BootLeg Betty

Interview: Bette Midler planning Divine intervention in Phoenix, 5/24

Arizona Republic
Interview: Bette Midler planning Divine intervention in Phoenix, 5/24
Ed Masley, The Republic | azcentral.com 10:17 a.m. MST May 20, 2015

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Bette Midler is bringing her first major tour in a decade to Phoenix for a US Airways Center concert in support of “It’s the Girls!”

Released last year, the album finds the singer paying tribute to a handful of her favorite girl-group records through the ages, from the Andrews Sisters through the Supremes and the Shirelles to TLC. An inspired collection, it definitely plays to Midler’s strengths.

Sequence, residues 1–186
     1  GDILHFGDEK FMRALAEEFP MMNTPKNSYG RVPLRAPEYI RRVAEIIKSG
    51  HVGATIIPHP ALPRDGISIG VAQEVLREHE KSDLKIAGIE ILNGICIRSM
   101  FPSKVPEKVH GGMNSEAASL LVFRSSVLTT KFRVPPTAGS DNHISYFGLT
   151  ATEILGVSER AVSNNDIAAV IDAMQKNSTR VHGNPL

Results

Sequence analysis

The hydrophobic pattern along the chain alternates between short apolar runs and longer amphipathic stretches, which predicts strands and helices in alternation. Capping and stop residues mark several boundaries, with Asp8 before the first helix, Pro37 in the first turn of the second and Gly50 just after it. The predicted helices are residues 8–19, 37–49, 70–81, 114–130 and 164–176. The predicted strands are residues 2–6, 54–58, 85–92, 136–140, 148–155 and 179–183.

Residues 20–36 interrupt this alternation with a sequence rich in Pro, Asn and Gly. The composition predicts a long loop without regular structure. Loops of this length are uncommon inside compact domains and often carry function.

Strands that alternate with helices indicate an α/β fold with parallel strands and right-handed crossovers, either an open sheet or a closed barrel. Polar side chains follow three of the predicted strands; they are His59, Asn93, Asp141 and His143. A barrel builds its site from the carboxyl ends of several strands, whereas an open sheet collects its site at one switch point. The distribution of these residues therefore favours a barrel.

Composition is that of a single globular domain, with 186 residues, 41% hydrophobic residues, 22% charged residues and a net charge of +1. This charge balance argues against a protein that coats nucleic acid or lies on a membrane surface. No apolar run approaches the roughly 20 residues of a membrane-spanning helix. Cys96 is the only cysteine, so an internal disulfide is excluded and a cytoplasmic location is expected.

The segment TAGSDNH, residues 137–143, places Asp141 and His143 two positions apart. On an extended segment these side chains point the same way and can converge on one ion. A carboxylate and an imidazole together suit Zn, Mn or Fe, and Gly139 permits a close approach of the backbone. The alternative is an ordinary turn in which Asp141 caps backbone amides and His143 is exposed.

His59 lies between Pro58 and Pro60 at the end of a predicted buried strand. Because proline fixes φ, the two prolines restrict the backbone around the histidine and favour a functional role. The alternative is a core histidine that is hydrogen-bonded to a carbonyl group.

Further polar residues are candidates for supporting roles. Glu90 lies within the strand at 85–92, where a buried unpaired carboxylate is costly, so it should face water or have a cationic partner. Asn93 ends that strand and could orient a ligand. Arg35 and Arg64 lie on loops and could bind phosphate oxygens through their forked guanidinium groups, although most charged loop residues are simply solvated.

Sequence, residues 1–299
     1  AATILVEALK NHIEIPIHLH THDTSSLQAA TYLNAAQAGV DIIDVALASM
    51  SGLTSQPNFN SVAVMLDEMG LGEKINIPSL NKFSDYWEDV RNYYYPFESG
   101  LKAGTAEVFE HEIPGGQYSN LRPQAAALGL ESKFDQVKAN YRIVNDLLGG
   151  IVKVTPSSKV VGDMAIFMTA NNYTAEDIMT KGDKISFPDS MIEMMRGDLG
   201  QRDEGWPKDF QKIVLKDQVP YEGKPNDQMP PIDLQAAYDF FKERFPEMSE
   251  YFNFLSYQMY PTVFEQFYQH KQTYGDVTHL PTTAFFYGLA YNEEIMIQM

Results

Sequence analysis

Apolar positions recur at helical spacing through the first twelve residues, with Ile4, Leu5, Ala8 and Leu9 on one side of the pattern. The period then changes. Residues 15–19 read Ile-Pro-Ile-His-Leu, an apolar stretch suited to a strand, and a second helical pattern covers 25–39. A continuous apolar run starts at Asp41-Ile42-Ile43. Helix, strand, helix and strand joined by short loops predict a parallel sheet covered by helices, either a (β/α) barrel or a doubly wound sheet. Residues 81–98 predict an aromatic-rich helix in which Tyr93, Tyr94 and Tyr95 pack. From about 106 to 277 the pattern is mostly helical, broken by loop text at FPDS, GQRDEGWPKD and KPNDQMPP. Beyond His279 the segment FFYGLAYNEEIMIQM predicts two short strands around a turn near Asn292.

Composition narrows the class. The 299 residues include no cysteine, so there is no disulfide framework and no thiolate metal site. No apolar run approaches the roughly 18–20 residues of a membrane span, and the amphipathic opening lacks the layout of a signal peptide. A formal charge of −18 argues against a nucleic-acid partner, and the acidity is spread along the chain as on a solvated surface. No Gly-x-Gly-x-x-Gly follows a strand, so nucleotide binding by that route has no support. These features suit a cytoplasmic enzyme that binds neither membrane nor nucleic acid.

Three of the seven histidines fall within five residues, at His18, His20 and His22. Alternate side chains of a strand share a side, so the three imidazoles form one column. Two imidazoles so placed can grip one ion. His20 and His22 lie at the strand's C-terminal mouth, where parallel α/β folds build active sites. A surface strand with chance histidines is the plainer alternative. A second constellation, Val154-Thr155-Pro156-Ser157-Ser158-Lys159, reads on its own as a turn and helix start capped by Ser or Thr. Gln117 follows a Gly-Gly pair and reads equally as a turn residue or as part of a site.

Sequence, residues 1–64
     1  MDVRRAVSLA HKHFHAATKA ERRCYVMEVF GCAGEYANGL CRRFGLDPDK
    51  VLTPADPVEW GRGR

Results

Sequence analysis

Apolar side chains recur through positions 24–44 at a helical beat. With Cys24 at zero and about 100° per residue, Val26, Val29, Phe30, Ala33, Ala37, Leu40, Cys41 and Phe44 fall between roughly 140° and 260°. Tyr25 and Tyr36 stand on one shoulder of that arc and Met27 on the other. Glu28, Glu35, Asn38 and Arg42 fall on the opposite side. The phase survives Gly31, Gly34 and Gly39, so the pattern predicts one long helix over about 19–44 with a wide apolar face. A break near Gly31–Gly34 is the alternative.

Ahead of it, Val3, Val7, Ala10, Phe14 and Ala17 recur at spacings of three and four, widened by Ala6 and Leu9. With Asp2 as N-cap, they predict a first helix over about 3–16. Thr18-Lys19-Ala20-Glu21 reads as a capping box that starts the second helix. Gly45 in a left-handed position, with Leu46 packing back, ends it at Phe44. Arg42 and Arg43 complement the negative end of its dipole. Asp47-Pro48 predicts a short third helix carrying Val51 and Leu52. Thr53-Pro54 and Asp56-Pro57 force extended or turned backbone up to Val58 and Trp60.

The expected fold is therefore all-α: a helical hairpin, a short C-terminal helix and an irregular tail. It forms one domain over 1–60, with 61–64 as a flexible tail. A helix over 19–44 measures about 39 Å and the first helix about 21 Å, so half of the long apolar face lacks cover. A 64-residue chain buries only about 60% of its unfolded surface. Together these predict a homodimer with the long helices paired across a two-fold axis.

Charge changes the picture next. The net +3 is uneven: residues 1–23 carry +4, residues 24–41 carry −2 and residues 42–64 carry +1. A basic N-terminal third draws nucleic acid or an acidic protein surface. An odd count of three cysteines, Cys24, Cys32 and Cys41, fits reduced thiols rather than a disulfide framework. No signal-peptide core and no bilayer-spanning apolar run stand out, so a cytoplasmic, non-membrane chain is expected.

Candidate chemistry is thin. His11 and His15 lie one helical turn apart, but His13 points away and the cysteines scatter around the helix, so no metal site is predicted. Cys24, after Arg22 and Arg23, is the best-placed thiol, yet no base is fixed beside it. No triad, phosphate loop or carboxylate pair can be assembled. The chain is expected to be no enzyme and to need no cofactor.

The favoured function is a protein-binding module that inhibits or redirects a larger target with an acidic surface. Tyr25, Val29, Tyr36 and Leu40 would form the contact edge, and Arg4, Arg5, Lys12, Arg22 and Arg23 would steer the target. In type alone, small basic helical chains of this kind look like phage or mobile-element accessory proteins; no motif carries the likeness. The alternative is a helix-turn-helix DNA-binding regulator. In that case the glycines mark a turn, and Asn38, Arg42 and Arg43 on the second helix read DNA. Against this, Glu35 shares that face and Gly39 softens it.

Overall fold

So why is she talking about it as though she owes the world an apology?

“Sometimes, I do feel a little superannuated,” Midler says. “I am a woman of a certain age singing songs from my youth. But I don’t know. It’s jolly.”

Midler laughs.

“It puts a smile on my face,” she says. “And people liked it. They bought it and I got good feedback about it, so I’m a little bit thrilled. And this show is gonna be fun. I think it’s gonna be a little bit different. It doesn’t have a lot of pyrotechnics. But it does have screeching horns, which is a good thing. And the Harlettes are coming back. It’s gonna be a little less gigantic than the usual and a little more intimate.”

We caught up with Midler before she launched the tour in early May to talk about what she had planned for Phoenix, “It’s the Girls!” and how it feels to be hitting the road at 69 — an age we mention only because she brings up aging several times.

Question: Are you doing many songs from this new album live? It seems as though they’d be a lot of fun live.